Let’s start with a quote to get some perspective on how small of a market cryptocurrencies are. During the recent G20 meeting, Governor Mark Carney of the Bank of England, stated:

Even at their recent peak, [cryptoassets’] combined global market value was less than 1% of global GDP. In comparison, just prior to the global financial crisis, the notional value of credit default swaps was 100% of global GDP.

Stating that we are still very early in the cryptocurrency space is not a bold statement. When compared to traditional markets, Bitcoin and all other blockchain projects have yet to even appear on the radar of most individuals of power and wealth. A technology and marketplace still so young is quite vulnerable. The volatility resulting from even the slightest shift in perception moves value. Even a lukewarm news story can cause the market to plummet farther than any traditional market could stomach.

We currently have a leading cryptocurrency that maintains security and decentralization to a degree that was nearly inconceivable just years ago. The definition of immutability now has a new, and possibly only, example in the dictionary. The scale of infrastructure that has been built and currently under development is constructed with an open-sourced team that couldn’t possibly be stronger. The community has steered the project through rough waters and it continues to float after nine years, even after a truly countless number of attacks.

The flagship of cryptocurrencies is Bitcoin. Again, these are not bold statements. In the eyes of the mass public, blockchain is Bitcoin. They begin to glaze over once you digress into other projects. Being able to have a conversation outside of an online community about blockchain is surprising in and of itself. The rapid growth of blockchain based applications surpasses the speed of the internet’s rise to adoption. Bitcoin’s recognition and public awareness cannot be overstated or undervalued. The amount of money and time it takes for a technology to reach the current level of adoption is greatly overlooked.

The value of currencies, and cryptocurrencies, is fueled by the network effect. Cryptocurrencies are only to the current point in valuation because of Bitcoin’s widespread user base and history of operation.  This is where online echo chambers begin to degrade the conversations though.

Echo chambers lead to blockchain being treated as a zero sum game. It will do more harm than good for the health of the space. I understand how fun it can be to root for your favorite sports team. When the end goal is widespread adoption of this revolutionary and liberating technology, playing games is counterintuitive.

There is money to be made and I will not pretend that it doesn’t have its place. Capitalism will always have an effect. Valuations are the driving factor of adoption at the moment. There has been a recent spotlight on cryptocurrencies and talent is flocking to the space.

As a trader, I also can’t ignore the fact that I have benefited from this mentality. With new and emotionally driven investors gravitating towards the space and hiding in their echo chambers, the opportunity for profits have been huge. The impatient truly does benefit the patient, although there is a balance to be made here.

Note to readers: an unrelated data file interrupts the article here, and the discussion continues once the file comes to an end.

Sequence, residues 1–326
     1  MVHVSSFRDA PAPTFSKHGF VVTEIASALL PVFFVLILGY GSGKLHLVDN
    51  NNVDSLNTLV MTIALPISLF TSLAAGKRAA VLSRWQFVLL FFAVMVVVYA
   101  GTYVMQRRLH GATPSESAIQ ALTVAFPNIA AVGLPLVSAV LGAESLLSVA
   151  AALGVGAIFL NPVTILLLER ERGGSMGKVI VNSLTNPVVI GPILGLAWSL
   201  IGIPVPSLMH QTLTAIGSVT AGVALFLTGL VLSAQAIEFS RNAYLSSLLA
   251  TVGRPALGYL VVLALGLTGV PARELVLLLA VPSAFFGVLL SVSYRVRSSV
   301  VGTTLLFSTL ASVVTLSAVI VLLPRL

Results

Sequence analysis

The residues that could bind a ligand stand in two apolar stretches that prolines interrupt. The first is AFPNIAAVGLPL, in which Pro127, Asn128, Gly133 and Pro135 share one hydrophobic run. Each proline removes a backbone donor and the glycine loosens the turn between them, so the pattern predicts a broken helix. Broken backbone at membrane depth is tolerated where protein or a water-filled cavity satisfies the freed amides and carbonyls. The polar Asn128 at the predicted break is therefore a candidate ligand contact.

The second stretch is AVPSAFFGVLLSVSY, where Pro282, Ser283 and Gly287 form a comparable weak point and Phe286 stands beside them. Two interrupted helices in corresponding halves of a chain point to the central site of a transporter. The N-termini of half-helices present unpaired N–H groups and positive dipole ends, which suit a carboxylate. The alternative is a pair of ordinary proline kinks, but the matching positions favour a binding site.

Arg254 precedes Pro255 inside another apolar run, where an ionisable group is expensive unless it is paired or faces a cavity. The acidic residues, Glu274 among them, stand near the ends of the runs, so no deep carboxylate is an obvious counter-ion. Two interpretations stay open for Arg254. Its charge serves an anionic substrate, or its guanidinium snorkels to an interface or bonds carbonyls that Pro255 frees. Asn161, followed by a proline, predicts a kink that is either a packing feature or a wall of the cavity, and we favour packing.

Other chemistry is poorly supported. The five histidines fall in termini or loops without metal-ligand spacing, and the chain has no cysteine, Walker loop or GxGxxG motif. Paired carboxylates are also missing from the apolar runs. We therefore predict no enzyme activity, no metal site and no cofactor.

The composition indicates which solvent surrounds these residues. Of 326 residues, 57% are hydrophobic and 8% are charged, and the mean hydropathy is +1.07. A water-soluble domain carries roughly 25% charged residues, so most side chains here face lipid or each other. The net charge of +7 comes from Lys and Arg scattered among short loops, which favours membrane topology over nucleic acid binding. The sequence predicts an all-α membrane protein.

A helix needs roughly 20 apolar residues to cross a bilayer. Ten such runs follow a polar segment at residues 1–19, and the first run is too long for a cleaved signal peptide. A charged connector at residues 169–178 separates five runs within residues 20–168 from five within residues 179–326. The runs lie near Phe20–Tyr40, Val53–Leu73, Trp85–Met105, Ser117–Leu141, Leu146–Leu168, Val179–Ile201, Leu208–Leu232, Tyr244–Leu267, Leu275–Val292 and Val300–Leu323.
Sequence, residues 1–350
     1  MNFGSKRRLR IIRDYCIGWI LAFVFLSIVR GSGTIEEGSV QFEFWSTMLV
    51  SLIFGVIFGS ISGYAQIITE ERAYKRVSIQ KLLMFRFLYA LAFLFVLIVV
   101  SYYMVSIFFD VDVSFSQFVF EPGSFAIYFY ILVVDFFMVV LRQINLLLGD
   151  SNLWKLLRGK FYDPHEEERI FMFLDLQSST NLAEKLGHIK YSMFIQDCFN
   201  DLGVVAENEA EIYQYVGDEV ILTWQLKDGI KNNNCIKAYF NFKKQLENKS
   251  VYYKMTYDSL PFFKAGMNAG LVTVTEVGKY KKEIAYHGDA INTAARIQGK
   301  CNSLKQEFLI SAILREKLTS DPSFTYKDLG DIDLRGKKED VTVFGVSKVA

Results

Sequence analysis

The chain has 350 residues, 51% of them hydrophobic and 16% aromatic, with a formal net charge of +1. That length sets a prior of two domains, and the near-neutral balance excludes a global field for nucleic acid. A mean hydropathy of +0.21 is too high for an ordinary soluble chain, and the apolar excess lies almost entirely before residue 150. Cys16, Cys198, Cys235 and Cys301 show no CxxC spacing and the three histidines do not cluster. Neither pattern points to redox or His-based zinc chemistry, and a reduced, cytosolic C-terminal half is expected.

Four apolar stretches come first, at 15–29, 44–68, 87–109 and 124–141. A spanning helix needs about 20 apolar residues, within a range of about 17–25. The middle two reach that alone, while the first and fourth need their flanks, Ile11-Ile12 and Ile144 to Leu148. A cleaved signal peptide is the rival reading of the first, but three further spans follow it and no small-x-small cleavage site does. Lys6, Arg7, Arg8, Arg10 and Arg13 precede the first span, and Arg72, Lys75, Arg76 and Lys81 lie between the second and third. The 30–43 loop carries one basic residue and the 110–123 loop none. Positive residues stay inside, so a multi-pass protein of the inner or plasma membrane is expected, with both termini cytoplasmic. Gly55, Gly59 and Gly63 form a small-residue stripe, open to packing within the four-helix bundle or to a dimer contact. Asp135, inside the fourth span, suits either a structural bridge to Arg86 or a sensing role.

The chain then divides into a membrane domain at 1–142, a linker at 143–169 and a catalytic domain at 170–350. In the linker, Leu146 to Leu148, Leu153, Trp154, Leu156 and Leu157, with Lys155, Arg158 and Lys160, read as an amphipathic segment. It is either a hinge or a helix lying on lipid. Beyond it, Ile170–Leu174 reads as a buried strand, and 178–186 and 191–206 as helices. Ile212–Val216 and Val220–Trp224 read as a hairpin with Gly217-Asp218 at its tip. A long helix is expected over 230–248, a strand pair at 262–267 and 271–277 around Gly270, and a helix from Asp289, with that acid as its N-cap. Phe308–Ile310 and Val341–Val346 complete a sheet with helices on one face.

With adoption levels and a profit motive linked, trading a market as limited as cryptocurrencies can have its issues. Just like the early heyday of penny stocks, liquidity problems are magnified. In financial markets, liquidity is the ease with which an asset or security can be bought or sold without a real effect on price. In every trade, for your asset to have value there needs to a counterparty on the other end willing to pay.

The bull run late last year was partly due to traders and market makers wanting Bitcoin to grow and then actually using it as a means for liquidity in the marketplace. All of the cryptocurrency altcoins have their value tied directly for this same reason. There is a dire need for liquidity in this small space. In short, the reason these altcoins had the valuation and capital poured into them was a direct result from the success of Bitcoin as a means of value and the liquidity of that value.

Bitcoin’s importance cannot be overstated in bringing blockchain acceptance to the forefront. Personally, I am far from a Bitcoin Maximalist. Competition is the driving force of innovation and cryptocurrencies are no exception. I do not believe we need to be content with the current rate of development at any point; there should always be a push for something better. High fees and slow transaction times exist on the network. At peak congestion, it is nearly unusable as a currency. With the userbase Bitcoin currently has, growing pains are to be expected. Now, the point of writing this article is an attempt to shake those that believe Bitcoin needs to die in order for their latest revolutionary technology to take its rightful place as the leader in the space. This is not a zero sum game. Just because Bitcoin is the current front runner, that inherently does not give another project less value. An alternative project, for the most part, has value because of the reputation and userbase Bitcoin brings to the space.

Bitcoin will slowly lose market dominance as additional pairings become available on exchanges. This will naturally cause a shift in the marketplace. Money is continually flowing into the space through different means other than Bitcoin. It is a healthy change that has been slowly moving forward. Speeding up the transition is not worth the reputation bashing that occurs against the first and most stable currency in the space. Bitcoin does one thing exceptionally well – it holds value. In my opinion, that deserves respect.

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